The US Supreme Court ruling overturning Roe v. Wade has sparked fears that tech companies will be forced to hand over data on women looking for abortions. Europeans are aghast.
European citizens, policymakers, and leaders have voiced anger that US prosecutors could demand access to personal information that should, in their view, remain private.
While Americans are narrowing abortion rights, Europeans are moving in the opposite direction. Since 2018, conservative Catholic countries such as Ireland have voted in favor of legalizing the procedure. Of the 27 European Union members, only Malta and Poland maintain restrictive laws. After the Supreme Court ruling, the European Parliament passed a resolution in favor of making the right to abortion part of the EU’s Code of Fundamental Rights, voting 324-155.
The split comes at a sensitive time in transatlantic digital relations. Data transfers across the Atlantic Ocean have been in jeopardy ever since 2020, when the European Court of Justice struck down a data transfer system known as Privacy Shield. US surveillance of EU data sent across the Atlantic violates Europe’s General Data Protection Regulation (GDPR), the European court ruled.
Both European and American leaders have prioritized resolving the impasse. In March, EU Commission President Ursula von der Leyen and US President Joe Biden announced a political agreement on ‘Privacy Shield 2.0’. Details remain to be filled in. The White House is expected to publish an Executive Order outlining its compliance plans within weeks.
But since the Supreme Court ruling, Europeans have become concerned that US law enforcement will demand access to data to prosecute those seeking abortions. US data brokers already make money aggregating large swathes of data and reselling it. The Federal government has acquired consumer data to bypass obtaining warrants and a reporter recently purchased a list of people who visited Planned Parenthood, a healthcare provider that can conduct abortions, for $160. “While the right to privacy is enshrined as a fundamental human right in Europe, it is not in the United States,” says Mary Ziegler, the Stearns Weaver Miller Professor of Law at Florida State University College of Law.
“Location data is the biggest issue,” noted Jake Laperruque, Deputy Director of the Security and Surveillance Project at the Center for Democracy and Technology. Individuals could claim that they stopped using a period tracker app, but it’s hard to deny phone data showing visits to an abortion clinic and US courts already have accepted such evidence. Location data is much stronger than period tracker or other signs “to prove an abortion,” Ziegler maintains.
Tech companies are squeezed. In a blog post, Google said it will automatically delete location history of locations deemed “personal.” Examples include domestic violence shelters, abortion clinics, and addiction treatment facilities. Police warrants for such data have increased drastically since 2018, representing 25% of all warrants received in 2020, according to Google.
Other tech companies are following suit. Placer.ai and Safegraph, which previously sold information on individuals who visited Planned Parenthoods, have agreed to stop selling abortion data.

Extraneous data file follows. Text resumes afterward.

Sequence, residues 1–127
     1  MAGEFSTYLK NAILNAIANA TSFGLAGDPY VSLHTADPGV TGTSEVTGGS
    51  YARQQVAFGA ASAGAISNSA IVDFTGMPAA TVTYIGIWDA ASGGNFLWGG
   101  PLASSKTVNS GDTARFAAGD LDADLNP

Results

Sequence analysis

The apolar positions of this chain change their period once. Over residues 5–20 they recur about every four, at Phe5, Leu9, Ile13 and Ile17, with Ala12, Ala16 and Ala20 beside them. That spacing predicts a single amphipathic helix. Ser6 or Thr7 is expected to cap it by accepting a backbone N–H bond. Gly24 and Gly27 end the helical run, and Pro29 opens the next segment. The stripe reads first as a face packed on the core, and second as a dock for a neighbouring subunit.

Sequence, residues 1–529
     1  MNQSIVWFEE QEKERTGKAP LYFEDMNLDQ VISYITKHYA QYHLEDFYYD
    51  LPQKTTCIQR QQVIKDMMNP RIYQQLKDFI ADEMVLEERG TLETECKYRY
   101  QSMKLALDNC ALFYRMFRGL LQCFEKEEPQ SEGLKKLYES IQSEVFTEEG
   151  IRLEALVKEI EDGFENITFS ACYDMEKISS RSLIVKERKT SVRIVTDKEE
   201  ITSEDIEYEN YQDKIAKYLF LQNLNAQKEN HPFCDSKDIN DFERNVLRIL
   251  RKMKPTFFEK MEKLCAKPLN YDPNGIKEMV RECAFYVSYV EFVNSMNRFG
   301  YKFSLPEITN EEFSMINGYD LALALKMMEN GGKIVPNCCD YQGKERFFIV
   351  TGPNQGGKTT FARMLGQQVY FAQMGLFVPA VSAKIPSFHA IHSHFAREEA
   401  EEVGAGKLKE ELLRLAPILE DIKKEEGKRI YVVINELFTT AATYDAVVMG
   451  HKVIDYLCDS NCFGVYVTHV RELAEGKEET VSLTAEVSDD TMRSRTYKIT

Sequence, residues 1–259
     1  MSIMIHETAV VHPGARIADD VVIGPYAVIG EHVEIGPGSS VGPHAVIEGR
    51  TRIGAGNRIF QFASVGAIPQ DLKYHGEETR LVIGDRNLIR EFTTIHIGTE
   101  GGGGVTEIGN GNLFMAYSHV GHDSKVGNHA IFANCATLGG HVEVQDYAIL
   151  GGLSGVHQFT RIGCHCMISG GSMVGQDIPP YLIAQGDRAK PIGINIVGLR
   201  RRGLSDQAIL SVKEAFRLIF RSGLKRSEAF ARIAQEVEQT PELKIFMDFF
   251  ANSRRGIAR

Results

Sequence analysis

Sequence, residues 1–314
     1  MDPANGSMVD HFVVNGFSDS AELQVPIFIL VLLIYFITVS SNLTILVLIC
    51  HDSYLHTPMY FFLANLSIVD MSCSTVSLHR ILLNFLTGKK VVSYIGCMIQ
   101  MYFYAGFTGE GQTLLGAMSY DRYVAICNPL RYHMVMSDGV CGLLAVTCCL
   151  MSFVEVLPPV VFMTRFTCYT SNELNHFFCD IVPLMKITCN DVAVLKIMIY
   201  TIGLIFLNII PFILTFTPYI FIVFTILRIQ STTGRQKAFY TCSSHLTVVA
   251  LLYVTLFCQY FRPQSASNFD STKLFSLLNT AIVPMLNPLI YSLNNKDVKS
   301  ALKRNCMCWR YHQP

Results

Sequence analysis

For transatlantic relations, the imminent danger centers on the new Privacy Shield. Europe’s GDPR provides strict protections for ‘sensitive data,’ including location “If US government agencies are able to bypass those commitments, that loss of privacy will have implications,” says Eduardo Ustaran, a partner at Hogan Lovells International LLP based in London.
European companies in the US could be subject to warrants to hand over data. Requests for location, health, and other sensitive data by law enforcement “would be regarded as a very severe infringement of the Privacy Shield principles,” Ustaran warns.
Despite the danger, the abortion debate still may not torpedo the construction of a Privacy Shield 2.0. In both Washington and Brussels, leaders want a deal, seeing it as a concrete move to improve relations from their turmoil with the Trump Administration and to keep a common front against Russian aggression in Ukraine. “There is a strong determination to fix the Privacy Shield” on both sides of the Atlantic, making it unlikely these concerns will dismantle the effort altogether,” predicts Ivana Bartoletti, Global Chief Privacy Officer at the Indian tech company Wipro.
Yet, any renewed Privacy Shield will be fragile, subject to a new negative ruling by the European Court of Justice. The split over abortion could sway some European justices about the danger of allowing European personal data to be transferred across the ocean. “Some form of legal challenge is inevitable,” law firm Herbert Smith Freehills LLP concluded in a recent analysis.
Potential reforms in Washington could head off this danger. A bipartisan group of Senators recently proposed Fourth Amendment Is Not For Sale Act that would close the data broker loophole. A broad US Federal Privacy law would reassure Europeans. But given the difficulty of passing legislation in the divided US Congress, such a new piece of legislation looks unlikely.
Before the Supreme Court ruling, analysts say the US and Europe seemed to be moving in the same direction to expand privacy protections. Analysts now believe that momentum has been broken. A “global understanding of the right to privacy has been driving that convergence,” says Ustaran. This fight over abortion threatens to “destroy the work of many years.”
Grace Endrud and Daniel Hayes are interns at CEPA’s Digital Innovation Initiative. Bill Echikson edits Bandwidth.